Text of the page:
She was a trailblazer in computer programming and a brilliant computer scientist, mathematician, and U.S. Navy rear admiral. Hopper was pivotal in shaping coding as we know it today. She invented “COBOL,” high-level programming that continues to be in use even decades after her passing in 1992.
10. Patsy Mink
Patsy Mink was the first woman of color and Asian-American woman elected to Congress. Mink worked tirelessly for gender equality, women’s rights, and access to education. After being denied entry into twelve different medical schools, she pivoted to studying law. And she still faced numerous challenges to practicing law, including being barred from taking the exam as a Hawaiian resident and then being denied employment because she was a mother. But she continued undeterred and started her own practice. Talk about the embodiment of resiliency!
11. Rita Levi-Montalcini
Neurobiologist and Nobel Prize Winner, Levi-Montalcini made leaps and bounds in the world of science and medicine by jointly discovering Nerve Growth Factor with her colleague Stanley Cohen. As if discovering life-altering brain factors isn’t enough, she also served on the Italian Senate.
12. Kiran Mazumdar-Shaw
With a passion for biotechnology, she started her business out of her garage in 1978 and grew her company to a global scale. Making medicines affordable and available to millions of people worldwide. As a first-generation entrepreneur, she truly built her empire from scratch.
13. Oprah Winfrey
No list of inspirational women is complete without featuring the one and only Oprah. Besides her wildly successful and long-running “The Oprah Winfrey Show,” she’s also a television producer, actress, author, and philanthropist. Her accolades and awards are too numerous to write here without this turning into a full-blown novel. But it’s safe to say her work has played a vital role in shaping culture and bringing inspiration and healing to the collective.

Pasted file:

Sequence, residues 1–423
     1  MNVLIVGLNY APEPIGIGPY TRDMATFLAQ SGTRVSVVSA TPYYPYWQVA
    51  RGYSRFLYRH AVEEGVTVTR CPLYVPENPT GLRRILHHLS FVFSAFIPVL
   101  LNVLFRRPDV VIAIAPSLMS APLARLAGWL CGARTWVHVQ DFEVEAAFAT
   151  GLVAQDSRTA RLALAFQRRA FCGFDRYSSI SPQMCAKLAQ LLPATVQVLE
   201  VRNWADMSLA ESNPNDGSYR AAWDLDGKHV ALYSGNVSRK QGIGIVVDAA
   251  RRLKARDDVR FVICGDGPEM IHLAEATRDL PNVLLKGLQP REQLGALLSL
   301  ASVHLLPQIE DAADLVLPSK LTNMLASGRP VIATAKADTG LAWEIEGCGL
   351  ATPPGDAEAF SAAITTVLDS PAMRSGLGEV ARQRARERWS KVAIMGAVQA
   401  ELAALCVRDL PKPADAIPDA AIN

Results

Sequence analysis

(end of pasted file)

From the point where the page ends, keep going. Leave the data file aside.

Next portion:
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Although she’s probably most notably known for her talents as a musician, Rhianna is a force to be reckoned with. She’s not only a chart-topping pop star, but also runs the widely successful Fenty Beauty. In 2022, she became the youngest self-made female billionaire. Not to mention she’s a mom, too!
15. Sara Blakely
Working in the hot Florida heat, Sara really disliked pantyhose but did enjoy the shaping and contour that the top of the tights gave her. From this need, she invented Spanx. And pitched her creation to several hosiery CEOs (all of who were men) before one finally saw the potential of the product. She was still working her day job when she went on to found her own company. It made $4 million in sales during the first year alone. She also launched a philanthropic foundation that supports women as entrepreneurs and in business. She’s certainly one of the women who made it to the top!
16. Florence Griffith Joyner
Flo-Jo, as she was affectionately known, was a world record-holding track and field athlete. She won three gold medals in the 1988 Olympics, plus other medals she won in different Olympics. And besides being a renowned athlete, she was known for her edgy style and as being a pop culture icon of her time.
17. Raven Wilkinson
While there’s some debate about whether dance qualifies as a sport, there’s no doubt that Wilkinson was a talented and powerful athlete. She was the first African American woman to be signed for a classical ballet company. After she was denied entrance into multiple well-known ballet companies despite her talent, she gave up on dancing for a few years. Before returning back to it with a renewed determination, and before long was accepted by the Ballet Russe de Monte Carlo. Breaking the color barrier for so many future women to come.
18. Megan Rapinoe
As co-captain of the U.S. soccer team that brought home gold and won multiple FIFA women’s world cups, Rapinoe is not only a skilled athlete but also a gracious leader. When she’s not dominating the field, she’s an advocate for the LGBTQ+ community. And she even received the Presidential Medal of Freedom from President Biden in 2022. She’s truly an inspiration for young girls and rising athletes everywhere.
19. Serena Williams